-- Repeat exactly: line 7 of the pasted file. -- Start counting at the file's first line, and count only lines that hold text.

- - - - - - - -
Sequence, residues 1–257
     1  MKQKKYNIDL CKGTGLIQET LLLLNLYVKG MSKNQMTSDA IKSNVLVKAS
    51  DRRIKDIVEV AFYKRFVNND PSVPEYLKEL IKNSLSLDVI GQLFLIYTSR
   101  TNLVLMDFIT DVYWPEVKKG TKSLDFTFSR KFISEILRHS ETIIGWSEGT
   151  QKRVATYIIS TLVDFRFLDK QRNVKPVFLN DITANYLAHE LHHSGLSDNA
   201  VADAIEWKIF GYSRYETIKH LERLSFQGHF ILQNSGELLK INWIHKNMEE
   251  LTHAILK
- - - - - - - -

   251  LTHAILK